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May 2008: Apophylite

The mineral of the month for May 2008 is Apophylite. This specimen was acquired from a Brazilian dealer who was liquefying his entire inventory at the Tucson show a couple of years ago. He said something about wanting to go fishing. Apophyllite is in the Silicate class of minerals, which tend to be translucent and are lower in specific gravity and harder than most minerals. All silicates contain the silicate atomic structure, whose fundamental building block is the tetrahedron, in which one silicon atom is surrounded by four equally spaced oxygen atoms. Other silicates include quartz, chalcedony, opal, orthoclase feldspar, and amazonite.

Apophyllite is a hydrous calcium potassium fluorsilicate. It can either be colorless or white, gray, green, yellow, or red. It has a hardness of 4 ½ to 5, a specific gravity of 2.3, and has perfect cleavage in one direction. The crystals are tetragonal, usually cube like or tabular and square in cross section. It forms at low temperatures and is commonly found in cavities in basaltic pockets, where it is often associated with zeolites and prehnite. Although this specimen is from Brazil, Apophyllite can be found in the copper mines on the Keweenaw Peninsula among other places world-wide.

The name, Apophyllite, means "to leaf apart" in Greek. The name derived from the tendency of the crystals to peel off when specimens are heated due to the sudden loss of water molecules within the structure. Although collectors refer to this mineral is Apophyllite, it is no longer officially classified as a mineral. Originally, the group name referred to a specific mineral, but was redefined in 1978 to stand for a class of minerals of similar chemical makeup. Apophyllites are popular as with collectors due to their well-defined crystals, color, and abundance.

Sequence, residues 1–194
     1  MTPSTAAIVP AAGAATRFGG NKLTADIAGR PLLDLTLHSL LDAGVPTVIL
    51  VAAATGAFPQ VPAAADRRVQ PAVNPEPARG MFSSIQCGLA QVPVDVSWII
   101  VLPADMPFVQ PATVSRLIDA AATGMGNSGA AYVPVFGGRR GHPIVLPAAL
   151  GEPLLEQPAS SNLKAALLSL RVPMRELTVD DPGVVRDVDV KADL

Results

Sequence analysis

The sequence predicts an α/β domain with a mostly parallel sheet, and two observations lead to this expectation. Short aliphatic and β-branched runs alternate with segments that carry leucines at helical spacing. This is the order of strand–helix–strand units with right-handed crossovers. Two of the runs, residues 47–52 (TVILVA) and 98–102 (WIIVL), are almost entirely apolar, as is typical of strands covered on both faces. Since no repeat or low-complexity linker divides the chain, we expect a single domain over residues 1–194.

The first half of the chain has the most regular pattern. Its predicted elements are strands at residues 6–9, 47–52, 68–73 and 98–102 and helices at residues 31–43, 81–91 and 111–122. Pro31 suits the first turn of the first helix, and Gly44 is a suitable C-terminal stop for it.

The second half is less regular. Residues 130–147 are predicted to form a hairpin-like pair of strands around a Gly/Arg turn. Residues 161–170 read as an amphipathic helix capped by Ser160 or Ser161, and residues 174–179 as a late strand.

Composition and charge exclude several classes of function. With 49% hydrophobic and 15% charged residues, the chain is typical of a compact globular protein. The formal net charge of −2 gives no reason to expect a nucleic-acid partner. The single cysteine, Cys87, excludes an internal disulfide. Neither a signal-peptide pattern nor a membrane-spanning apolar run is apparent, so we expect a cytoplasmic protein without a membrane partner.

The metaphysical properties of Apophyllite are thought to enhance your analytical skills and enable you to act in a truthful and honest manner. It can also be used to help you evaluate your behaviors and attitudes so that you can identify and correct any shortcomings.


Mineral of the Month Archives

May 2007: Rainbow Fluorite

June 2007: Lake Superior Michipicoten Agate

July 2007: Labadorite

August 2007: Rain Flower Agate

Fall 2007: Malachite

December 2007: Nepheline Syenite

January 2008: Native Copper

February 2008: Amazonite

March 2008: Lake Superior Agate

April 2008: Shadow Agate

May 2008: Apohpylite

June 2008: Ocean Jasper

Summer 2008: Marra Mamba Tiger's Eye

September 2008: Mohawkite

October 2008: Mexican opal

November 2008: Prehnite

December 2008: Picture Jasper

January 2009: Sea Shell Jasper

February 2009: Polychrome Jasper

March 2009: Selenite Desert Rose

Spring 2009: Coyamito Agate

July 2009: Obsidian Needles

August 2009: Goethite

September 2009: Banded Iron Formation

Fall 2009: Fairburn Agate

March 2010: Fossilized Dinosaur Bone

April/May: 2010 Kentucky Agate

June 2010: Nantan Meteorite

July 2010: Mookaite Jasper

Aug/Sept 2010: Polyhedroid Agate

Fall 2010: Ammonite Fossil

September 2011: Petoskey Stones

Spring 2011: Petrfied Wood

Winter 2011: Argentina Condor Agate

January 2012: Mary Ellen Jasper

March 2012: Mexican Crazy Lace Agate

June 2012: Moqui Marbles

September 2012: Chlorastrolite Greenstone

March 2013: Jacobsville Sandstone

August 2013: Unakite

November 2013: Skip-an-Atom Agate

April 2014: Tiger's Eye

September 2014: Black Corundum

February 2015: Condor Agate

June 2015: Petoskey Stone

November 2015: Slag

June 2016: Lake Superior Copper Replacement Agates

March 2017: Chert

July 2017: Kona Dolomite

December 2017: Septarian Nodule

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Gitche Gumee Museum.
E21739 Brazel Street
Grand Marais, Michigan 49839


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